The Michigan DNR has confirmed that three free-range goslings in Malcomb County have tested positive for a highly pathogenic avian influenza.
An official news release from the Michigan DNR (Department of Natural Resources), in a joint investigation with the Michigan Agriculture and Rural Development (MDARD), has confirmed the state’s first confirmed cases of highly pathogenic avian influenza (HPAI) H5N2.
The goslings were collected last week in Sterling Heights and were tested by the Michigan DNR and the tests were later confirmed by the U.S. Department of Agriculture’s National Veterinary Services Lab.
The official statement says that the risk of humans being infected by HPAI is still considered low, but the Michigan DNR is focused on preventing the spread of HPAI and is moving quickly to a State Wildlife HPAI Plan that was developed in 2006.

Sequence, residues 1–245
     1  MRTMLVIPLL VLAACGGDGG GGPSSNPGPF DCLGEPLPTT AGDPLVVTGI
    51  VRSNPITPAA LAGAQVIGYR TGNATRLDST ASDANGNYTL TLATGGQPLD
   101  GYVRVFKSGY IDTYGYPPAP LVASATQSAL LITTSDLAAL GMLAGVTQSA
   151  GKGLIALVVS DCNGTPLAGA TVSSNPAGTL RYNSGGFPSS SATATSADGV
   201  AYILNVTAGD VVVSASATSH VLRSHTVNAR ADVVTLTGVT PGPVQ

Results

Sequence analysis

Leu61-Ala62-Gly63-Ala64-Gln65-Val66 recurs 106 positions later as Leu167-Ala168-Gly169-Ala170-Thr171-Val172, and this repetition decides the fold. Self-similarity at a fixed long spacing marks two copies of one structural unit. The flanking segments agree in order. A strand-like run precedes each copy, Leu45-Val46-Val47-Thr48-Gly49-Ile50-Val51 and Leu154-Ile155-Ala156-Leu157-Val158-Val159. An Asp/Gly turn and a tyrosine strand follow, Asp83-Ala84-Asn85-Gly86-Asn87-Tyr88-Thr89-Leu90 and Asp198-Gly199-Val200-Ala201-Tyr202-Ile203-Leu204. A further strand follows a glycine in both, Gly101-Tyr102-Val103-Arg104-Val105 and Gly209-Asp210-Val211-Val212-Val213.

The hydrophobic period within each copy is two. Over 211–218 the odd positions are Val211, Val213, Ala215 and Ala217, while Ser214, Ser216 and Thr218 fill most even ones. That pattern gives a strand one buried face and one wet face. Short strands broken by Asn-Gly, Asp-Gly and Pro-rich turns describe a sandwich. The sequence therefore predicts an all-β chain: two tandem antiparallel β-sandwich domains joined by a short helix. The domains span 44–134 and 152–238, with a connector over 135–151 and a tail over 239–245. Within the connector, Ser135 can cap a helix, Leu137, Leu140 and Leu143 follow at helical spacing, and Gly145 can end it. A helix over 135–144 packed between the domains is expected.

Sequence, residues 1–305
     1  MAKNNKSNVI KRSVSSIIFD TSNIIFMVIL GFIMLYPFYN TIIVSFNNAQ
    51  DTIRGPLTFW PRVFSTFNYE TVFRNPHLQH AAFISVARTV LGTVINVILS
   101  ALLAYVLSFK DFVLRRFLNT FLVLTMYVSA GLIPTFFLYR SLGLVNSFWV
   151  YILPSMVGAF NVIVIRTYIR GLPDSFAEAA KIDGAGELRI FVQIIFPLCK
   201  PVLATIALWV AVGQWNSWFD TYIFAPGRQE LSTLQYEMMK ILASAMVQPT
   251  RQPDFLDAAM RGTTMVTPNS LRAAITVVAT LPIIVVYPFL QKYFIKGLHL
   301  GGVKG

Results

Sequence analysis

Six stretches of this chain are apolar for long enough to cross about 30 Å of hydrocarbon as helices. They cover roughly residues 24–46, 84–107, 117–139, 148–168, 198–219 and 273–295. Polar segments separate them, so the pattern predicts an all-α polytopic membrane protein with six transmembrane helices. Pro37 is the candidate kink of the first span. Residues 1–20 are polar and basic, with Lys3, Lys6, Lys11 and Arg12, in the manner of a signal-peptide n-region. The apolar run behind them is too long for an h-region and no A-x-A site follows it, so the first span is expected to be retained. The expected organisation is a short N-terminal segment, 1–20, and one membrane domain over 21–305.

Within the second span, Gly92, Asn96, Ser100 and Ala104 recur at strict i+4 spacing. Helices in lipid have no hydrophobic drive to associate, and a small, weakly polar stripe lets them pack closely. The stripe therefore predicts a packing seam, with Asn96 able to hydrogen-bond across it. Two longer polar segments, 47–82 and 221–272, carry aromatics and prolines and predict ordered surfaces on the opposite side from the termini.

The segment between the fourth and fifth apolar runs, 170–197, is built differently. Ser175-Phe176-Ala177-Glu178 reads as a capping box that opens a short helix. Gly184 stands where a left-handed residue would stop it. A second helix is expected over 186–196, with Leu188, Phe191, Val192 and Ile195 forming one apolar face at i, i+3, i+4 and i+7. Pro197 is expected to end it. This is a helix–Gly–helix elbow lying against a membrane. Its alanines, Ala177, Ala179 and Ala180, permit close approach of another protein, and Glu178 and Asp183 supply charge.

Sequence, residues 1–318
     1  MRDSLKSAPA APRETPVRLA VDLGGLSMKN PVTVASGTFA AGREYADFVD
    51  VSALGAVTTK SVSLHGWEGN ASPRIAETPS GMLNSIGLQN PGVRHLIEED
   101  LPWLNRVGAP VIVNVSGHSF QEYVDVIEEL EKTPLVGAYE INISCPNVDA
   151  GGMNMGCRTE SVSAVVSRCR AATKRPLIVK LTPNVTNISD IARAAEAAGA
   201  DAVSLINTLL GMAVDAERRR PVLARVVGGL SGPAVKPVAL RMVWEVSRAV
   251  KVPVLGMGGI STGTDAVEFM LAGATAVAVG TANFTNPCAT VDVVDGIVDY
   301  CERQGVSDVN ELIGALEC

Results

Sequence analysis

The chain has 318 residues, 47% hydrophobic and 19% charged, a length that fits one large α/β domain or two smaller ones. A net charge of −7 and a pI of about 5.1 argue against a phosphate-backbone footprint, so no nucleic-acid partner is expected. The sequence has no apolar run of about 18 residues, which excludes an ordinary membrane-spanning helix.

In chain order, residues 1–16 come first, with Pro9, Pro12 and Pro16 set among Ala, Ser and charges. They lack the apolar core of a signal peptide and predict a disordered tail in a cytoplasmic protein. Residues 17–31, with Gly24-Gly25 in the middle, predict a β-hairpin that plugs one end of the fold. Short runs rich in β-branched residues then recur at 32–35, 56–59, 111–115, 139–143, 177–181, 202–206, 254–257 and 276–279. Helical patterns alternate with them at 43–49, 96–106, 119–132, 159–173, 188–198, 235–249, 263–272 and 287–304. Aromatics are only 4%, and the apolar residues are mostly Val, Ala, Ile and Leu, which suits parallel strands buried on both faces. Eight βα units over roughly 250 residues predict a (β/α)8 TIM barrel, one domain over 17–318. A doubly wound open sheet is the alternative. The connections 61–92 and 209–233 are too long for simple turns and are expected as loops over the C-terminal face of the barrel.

The plan calls for the Michigan DNR to set up what they call an Avian Influenza (AI) Core Area which will form a 10-mile radius location where the birds initially diagnosed were found. They will then keep close watch on all the birds in that area and discontinue any relocation efforts within or near that area, and testing for HPAI will be increased in the surrounding area for all birds.
HPAI can be hard to diagnose due to the lack of signs of sickness before the animal’s death. Death often occurs suddenly and sometimes while the bird is mid-flight. If you see this or have any suspicions that a group of three or more birds may have HPAI, the Michigan DNR asks that you contact them immediately by calling 517-336-5030.
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